Is This a Good Way to Pay For Electronic Tolls?
“Toll roads should accept cash. At the very least, they should have an online system where you can pay within 24 hours of using the toll road or toll bridge. That would be good for people renting cars who otherwise have to pay insane fees.”
Is This a Good Way to Pay For Electronic Tolls?
What you just read was this portion of a comment which was posted by derek — who is a reader of The Gate — in response to this recent article pertaining to Philadelphia, where a law was passed that requires all businesses to accept cash while the nearby Pennsylvania Turnpike will eventually have a system of only electronic tolling by the year 2021.
Also in response to the aforementioned article, Barry Graham wrote this comment that “New York has a new pay per trip plan linked to a checking account that doesn’t require a pre-payment. When I left New York, I kept my NY EZPass open. There is no requirement to live in a state to get an EZPass. I think this would work.”
I did not know about the new Pay Per Trip plan or exactly when it was implemented, so I looked it up — and according to the official Internet web site of the New York Service Center of E-ZPass, Pay Per Trip with Standard Plan is “a ‘post-paid’ plan that enables you to link your E-ZPass account to your bank checking account and pay for all your E-ZPass tolls once per day, direct from your bank account, for the days on which you have E-ZPass toll usage. No money is held as ‘prepaid balance’ like with the other E-ZPass plans, there is no need to provide a credit card number, and your account is not charged until you incur tolls (except in some circumstances on the night you sign up). If you optionally provide a backup credit card payment form you will not be required to maintain a deposit for each tag on your account, and the credit card will also serve as a secondary payment method if the bank account withdrawal fails for some reason.”
My Thoughts of the Pay Per Trip Plan
From what I have read — and I have not used it yet at the time this article was written — the Pay Per Trip plan of the New York Service Center of E-ZPass seems to be close to the utopia of how electronic tolling should be fairly implemented to all motorists, as according to the frequently asked questions of the Pay Per Trip plan: anyone is eligible for this plan; no tag deposit of ten dollars is required if an optional credit card is offered as a backup payment to a bank account, which is only debited when new tolls are incurred; and no extra fees or costs seem to be charged for this plan…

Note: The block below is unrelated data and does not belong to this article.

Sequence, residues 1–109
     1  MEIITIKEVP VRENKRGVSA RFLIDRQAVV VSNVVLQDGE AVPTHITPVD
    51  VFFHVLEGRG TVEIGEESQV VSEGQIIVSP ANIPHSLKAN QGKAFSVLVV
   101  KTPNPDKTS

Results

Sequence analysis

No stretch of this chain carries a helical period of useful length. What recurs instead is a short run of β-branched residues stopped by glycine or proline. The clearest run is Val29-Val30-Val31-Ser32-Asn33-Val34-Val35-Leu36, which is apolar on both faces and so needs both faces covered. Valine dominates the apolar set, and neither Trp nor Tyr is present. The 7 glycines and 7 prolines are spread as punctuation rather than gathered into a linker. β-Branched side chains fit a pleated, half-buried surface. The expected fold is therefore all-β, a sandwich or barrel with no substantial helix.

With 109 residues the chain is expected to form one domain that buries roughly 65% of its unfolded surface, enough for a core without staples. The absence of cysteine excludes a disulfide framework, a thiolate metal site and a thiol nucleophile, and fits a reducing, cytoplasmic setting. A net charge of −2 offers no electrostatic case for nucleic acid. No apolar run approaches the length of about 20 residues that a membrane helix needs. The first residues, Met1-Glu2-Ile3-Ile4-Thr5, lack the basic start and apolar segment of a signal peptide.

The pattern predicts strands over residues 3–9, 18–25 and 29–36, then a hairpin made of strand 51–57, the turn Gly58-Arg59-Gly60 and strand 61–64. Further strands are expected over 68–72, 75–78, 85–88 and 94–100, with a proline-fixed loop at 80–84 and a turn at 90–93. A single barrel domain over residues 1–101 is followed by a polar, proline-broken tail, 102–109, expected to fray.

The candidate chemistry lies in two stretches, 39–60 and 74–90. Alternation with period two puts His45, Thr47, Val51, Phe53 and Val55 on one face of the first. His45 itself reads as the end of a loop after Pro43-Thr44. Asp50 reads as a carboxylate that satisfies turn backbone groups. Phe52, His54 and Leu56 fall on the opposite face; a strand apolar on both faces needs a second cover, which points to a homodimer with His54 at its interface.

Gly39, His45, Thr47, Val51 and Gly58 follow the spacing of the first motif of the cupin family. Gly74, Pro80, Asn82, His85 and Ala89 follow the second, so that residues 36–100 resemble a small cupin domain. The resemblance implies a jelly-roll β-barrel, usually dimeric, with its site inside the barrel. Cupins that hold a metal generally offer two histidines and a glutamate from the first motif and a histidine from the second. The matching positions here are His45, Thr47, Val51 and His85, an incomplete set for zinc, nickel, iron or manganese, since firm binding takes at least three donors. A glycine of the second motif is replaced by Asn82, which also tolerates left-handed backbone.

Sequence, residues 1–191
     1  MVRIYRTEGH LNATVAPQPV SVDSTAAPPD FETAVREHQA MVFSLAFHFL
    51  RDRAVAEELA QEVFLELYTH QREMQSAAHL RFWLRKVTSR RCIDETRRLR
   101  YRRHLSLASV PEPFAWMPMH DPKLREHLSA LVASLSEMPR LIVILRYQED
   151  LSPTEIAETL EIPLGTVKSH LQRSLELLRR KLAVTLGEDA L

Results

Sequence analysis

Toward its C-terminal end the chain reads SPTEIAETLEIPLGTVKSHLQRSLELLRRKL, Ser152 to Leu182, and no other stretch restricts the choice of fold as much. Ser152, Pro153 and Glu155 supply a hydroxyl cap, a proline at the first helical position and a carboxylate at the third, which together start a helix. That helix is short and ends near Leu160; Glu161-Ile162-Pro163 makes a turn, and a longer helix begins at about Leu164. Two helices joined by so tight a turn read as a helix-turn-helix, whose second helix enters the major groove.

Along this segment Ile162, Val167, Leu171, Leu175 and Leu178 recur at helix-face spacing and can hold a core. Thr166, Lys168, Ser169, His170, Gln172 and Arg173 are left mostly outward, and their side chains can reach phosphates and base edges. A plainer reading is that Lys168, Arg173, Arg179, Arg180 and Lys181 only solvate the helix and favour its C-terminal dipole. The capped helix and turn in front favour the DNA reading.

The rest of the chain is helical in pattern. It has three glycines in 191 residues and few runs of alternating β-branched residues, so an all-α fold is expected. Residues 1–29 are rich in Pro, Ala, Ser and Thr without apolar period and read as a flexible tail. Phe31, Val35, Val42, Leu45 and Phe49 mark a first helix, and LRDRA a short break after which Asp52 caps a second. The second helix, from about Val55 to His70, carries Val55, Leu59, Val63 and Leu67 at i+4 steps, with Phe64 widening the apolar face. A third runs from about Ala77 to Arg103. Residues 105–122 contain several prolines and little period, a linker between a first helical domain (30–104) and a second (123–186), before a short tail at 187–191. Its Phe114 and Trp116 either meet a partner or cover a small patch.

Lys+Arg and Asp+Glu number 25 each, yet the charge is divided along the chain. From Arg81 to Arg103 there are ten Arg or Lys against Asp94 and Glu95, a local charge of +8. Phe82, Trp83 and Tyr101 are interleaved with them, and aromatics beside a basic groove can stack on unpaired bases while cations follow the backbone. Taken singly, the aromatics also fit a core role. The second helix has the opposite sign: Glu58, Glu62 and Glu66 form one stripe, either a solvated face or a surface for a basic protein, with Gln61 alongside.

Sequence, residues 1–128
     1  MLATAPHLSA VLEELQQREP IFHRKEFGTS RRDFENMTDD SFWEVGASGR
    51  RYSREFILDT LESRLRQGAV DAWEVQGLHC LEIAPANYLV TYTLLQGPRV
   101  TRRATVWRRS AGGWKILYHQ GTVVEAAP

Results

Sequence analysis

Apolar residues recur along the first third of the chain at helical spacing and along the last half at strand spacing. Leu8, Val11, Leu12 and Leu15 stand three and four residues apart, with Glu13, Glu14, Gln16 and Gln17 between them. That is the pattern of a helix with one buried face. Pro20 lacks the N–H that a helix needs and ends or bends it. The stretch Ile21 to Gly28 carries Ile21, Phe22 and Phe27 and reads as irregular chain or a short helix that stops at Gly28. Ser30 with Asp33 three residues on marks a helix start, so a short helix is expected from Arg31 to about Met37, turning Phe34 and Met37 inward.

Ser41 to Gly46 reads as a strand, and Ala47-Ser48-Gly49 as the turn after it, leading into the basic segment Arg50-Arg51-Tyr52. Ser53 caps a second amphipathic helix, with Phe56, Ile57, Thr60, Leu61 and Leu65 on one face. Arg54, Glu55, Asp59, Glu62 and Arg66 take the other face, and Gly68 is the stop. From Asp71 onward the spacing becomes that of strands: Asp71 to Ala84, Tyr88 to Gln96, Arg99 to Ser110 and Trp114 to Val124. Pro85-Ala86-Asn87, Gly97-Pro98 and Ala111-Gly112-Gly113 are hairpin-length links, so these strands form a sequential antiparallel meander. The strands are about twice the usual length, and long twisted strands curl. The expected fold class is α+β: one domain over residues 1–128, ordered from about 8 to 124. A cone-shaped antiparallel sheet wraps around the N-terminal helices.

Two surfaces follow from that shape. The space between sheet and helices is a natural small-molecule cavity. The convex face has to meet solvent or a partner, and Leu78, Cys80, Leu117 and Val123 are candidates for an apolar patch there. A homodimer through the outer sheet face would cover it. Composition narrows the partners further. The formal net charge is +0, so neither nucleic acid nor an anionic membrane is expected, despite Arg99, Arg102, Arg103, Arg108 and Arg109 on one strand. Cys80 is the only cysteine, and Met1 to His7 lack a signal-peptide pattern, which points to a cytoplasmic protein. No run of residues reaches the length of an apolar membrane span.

…but I do have some thoughts:
- I would like to see an option for the credit card to be the primary payment instead of funds being taken directly from a bank account.
- If the potential for a mistake or error — which could occur with automatically drawing funds electronically and directly from a bank account — happens, does the motorist have any recourse; and if so, how difficult would correcting the error be for the motorist?
- The Pay Per Trip plan seems to only be for vehicles which are registered for it — but I could be mistaken. If it were registered for motorists instead of vehicles, then customers of rental car companies may have a chance of avoiding having to incur and pay usurious fees which rental car companies charge whenever one of their vehicles triggers an electronic toll.
The concept of not slowing down to pay a toll may be appealing; but I have been opposed to all-electronic tolling for a number of reasons, as I believe that motorists — who are just as much consumers who drive on the highway as customers of businesses are consumers as well — should have more of a choice on how they prefer to pay their tolls so that everyone wins. In my opinion, every toll collection point should have at least one toll booth with which physical coins and dollar bills are accepted for payment — and perhaps even a second toll booth through which exact change is required with no attendant to man it…
…but electronic tolling systems which offer an easy way to pay the toll — with no additional charges, such as service fees — while simultaneously billing the owner of the transponder and not the owner of the vehicle itself gives me one fewer reason to be opposed to all-electronic tolling. With the ways in which technology saves toll authorities money, penalizing a motorist with service fees and other additional costs simply because he or she does not live in an area where toll roads are prevalent is wholly unfair. Just charge that motorist the cost of the toll and be done with it.
Articles at The Gate pertaining to the topic of electronic tolls include:
- Why Governments are Hypocritical in Forcing Businesses to Accept Cash
- This is How Visitors in Rental Cars Should Pay Electronic Tolls
- Hertz Sued by San Francisco Over Fees For Electronic Tolls
- Are Fees Out of Control for Electronic Tolls Using Rental Cars?
- The Pain of Electronic Tolls is Felt by More and More FlyerTalk Members
- Electronic Tolls in South Africa: Economic Apartheid?
- Are Rental Car Companies Taking an Electronic Toll On You — Literally?
- $17,000 Fine For $36 in Unpaid Electronic Tolls?
- Electronic Tolls and Rental Car Companies: Outrageous Gouging?
- Not Paying a Toll Can Take a Toll — On You
Photograph ©2017 by Brian Cohen.